Vol. 3, No. 2 (2012), pp. 139-147 www.irssh.com ISSN 2248-9010 (Online), ISSN 2250-0715 (Print)
The Constructivist Theory in Mathematics: The Case of Botswana Primary Schools Thenjiwe Emily Major (Corresponding Author) Department of Educational Foundations University of Botswana Private Bag- 00702, Gaborone Botswana- 00267 E-mail: email@example.com Boitumelo Mangope Department of Educational Foundations University of Botswana Private Bag- 00702, Gaborone Botswana- 00267 E-mail: Mangopeb@mopipi.ub.bw (Received: 13-10-11 / Accepted: 12-4-12)
Abstract This paper is based on a large research study that compared teacher quality and student performance in Southern Africa countries of Botswana and South Africa. In this paper we explore the extent to which the primary school teachers in Botswana use the constructivist approach in the teaching and learning of mathematics. Data was collected through classroom videotaping. Sixty out of the 64 mathematics teachers teaching at least one mathematics lesson, and more than one third of the teachers were videotaped twice. A total of 83 mathematics lessons were videotaped. The results of the study indicated that a large percentage of lessons observed required learners to simply recall rules, while a very small percentage of the lessons observed required learners to investigate or explore relationships between mathematical ideas. Keywords: Constructivism, mathematics, active learning, Botswana, passive learning.
Constructivism is a learning theory describing the process of knowledge construction. Knowledge construction is an active, rather than a passive process. Constructivists believe that knowledge should not be just deposited into the learners’ minds; instead it should be constructed by the learners through active involvement in the learning process. Hausfather (2001) noted that, Constructivism is not a method. It is a theory of knowledge and learning that should inform practice but not prescribe practice. By its very nature, constructivism emphasizes the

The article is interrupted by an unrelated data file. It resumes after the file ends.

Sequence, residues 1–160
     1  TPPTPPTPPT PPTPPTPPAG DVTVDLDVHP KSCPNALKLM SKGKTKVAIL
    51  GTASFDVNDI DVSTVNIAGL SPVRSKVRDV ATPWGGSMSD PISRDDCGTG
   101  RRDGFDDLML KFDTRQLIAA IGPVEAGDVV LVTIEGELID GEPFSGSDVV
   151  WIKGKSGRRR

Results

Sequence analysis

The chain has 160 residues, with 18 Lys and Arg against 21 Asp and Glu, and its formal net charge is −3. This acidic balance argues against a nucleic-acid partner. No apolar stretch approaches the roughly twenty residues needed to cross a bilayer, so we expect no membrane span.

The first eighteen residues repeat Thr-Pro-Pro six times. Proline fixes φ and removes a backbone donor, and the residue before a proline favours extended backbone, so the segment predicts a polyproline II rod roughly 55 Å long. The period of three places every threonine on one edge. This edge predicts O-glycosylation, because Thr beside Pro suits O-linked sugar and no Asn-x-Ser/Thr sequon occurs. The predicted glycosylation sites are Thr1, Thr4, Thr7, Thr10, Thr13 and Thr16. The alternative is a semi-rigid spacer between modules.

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importance of the teaching context, student prior knowledge, and active interaction between the learner and the content to be learned. (p. 18). In the constructivist perspective, knowledge is constructed by the individual through his/her interactions with the environment. Unlike the traditional mode of learning whereby the teacher plays an active role in the teaching/learning environment, and learners passively receive the content, constructivists believe the learning should be centered on the learner. This has been acknowledged by Simon (1995) that “we construct our knowledge of our world from our perceptions and experiences, which are themselves mediated through our previous knowledge” (p. 115). When teachers believe that learners are empty vessels to be filled with the information from the authority, then teacher domination will always exist in the teaching learning environment. According to Freire (1970) the domination of the teacher is referred to as the ‘banking concept’ education. The banking concept sees the teacher as the only source of information. It is important that teachers should actively involve learners in their teaching to enable the students to construct knowledge. According to the Educational Broadcasting Corporation (2004) “ in the classroom teaching, constructivist view of learning can point towards a number of different teaching practices…it means encouraging students to use active techniques (experiments, real-world problem solving)” (p. 1). Kennedy (1997) also noted that “what students learn is greatly influenced by how they are taught” (p. 2). Mathematics by nature is a subject that requires learners to be fully engaged in order for learning to take place. Therefore, this paper explores the extent to which learners were given the opportunity to construct their own knowledge in the...